Shadows reveal the topography of Saturn's south polar vortex. At high resolution, a new, inner ring of isolated, bright clouds is seen. These clouds are localized regions of convective upwelling, an important clue to understanding how heat energy is transported in Saturn's atmosphere.
See PIA 11104 for a high-resolution Cassini view that looks more directly down onto the vortex, compared to this oblique perspective. Sunlight illuminates the scene from upper right, and the higher altitude rings of clouds surrounding the pole cast shadows toward lower left. North on Saturn is up.
The image was taken with the Cassini spacecraft narrow-angle camera on July 15, 2008, with a combination of spectral filters sensitive to wavelengths of polarized infrared light centered at 746 and 938 nanometers. The grainy quality of the image is due primarily to the low signal-to-noise ratio of images taken with the 938 nanometer spectral filter, which is near the upper limit of the wavelength range the camera can see. "Signal-to-noise" is a term scientists use to refer to the amount of meaningful or useful information (signal) in their data versus the amount of background noise. A higher signal-to-noise ratio yields sharper, clearer views of features in the atmosphere. The view was acquired from 24 degrees below the ringplane, at a distance of approximately 778,000 kilometers (483,000 miles) from Saturn. The sun-Saturn-spacecraft, or phase, angle is about 30 degrees. Image scale is 4 kilometers (3 miles) per pixel.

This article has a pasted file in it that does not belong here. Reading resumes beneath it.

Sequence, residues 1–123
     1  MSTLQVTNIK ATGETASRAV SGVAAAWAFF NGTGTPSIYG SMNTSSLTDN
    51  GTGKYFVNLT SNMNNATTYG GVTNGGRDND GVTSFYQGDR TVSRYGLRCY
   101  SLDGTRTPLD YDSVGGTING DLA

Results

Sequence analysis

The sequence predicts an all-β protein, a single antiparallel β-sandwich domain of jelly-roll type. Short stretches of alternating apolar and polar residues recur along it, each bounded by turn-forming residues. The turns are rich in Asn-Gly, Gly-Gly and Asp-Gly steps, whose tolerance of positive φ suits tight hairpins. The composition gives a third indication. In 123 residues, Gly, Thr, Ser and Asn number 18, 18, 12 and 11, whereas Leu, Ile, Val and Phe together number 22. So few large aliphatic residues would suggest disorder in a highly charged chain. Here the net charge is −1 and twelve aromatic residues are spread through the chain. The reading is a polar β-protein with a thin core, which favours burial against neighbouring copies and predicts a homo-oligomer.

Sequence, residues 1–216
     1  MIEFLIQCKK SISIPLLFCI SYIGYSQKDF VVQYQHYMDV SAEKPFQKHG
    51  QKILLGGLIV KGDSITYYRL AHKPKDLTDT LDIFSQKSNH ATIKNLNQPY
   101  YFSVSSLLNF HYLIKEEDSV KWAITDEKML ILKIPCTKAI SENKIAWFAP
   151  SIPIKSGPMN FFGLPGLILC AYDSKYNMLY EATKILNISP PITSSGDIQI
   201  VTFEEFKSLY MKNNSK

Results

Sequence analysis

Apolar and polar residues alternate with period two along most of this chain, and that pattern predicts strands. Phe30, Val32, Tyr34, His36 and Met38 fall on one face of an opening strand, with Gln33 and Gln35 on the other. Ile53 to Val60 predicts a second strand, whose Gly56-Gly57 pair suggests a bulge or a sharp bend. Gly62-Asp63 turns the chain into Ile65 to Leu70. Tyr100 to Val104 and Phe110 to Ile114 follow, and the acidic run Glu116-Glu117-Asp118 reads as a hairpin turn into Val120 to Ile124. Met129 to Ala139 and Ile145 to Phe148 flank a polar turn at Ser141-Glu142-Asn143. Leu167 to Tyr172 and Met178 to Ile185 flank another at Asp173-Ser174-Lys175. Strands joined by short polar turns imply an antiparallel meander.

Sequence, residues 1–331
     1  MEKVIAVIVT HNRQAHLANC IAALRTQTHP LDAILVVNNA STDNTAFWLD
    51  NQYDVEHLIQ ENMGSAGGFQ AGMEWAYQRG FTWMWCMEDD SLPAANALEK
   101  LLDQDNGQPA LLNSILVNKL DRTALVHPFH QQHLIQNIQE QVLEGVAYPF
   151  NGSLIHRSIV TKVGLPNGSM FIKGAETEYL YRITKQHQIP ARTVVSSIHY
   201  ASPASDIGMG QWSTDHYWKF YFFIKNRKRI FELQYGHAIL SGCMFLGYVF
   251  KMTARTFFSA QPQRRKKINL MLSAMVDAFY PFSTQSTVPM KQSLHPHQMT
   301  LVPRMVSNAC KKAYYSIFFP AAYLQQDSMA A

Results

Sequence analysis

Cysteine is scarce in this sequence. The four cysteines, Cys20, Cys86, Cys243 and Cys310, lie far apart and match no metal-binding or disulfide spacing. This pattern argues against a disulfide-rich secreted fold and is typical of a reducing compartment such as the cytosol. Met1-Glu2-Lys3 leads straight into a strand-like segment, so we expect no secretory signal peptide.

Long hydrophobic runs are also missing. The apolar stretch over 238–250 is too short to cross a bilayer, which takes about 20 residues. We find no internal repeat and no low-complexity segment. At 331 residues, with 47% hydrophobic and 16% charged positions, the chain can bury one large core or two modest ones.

The Cassini Equinox Mission is a joint United States and European endeavor. The Jet Propulsion Laboratory, a division of the California Institute of Technology in Pasadena, manages the mission for NASA's Science Mission Directorate, Washington, D.C. The Cassini orbiter was designed, developed and assembled at JPL. The imaging team consists of scientists from the US, England, France, and Germany. The imaging operations center and team lead (Dr. C. Porco) are based at the Space Science Institute in Boulder, Colo.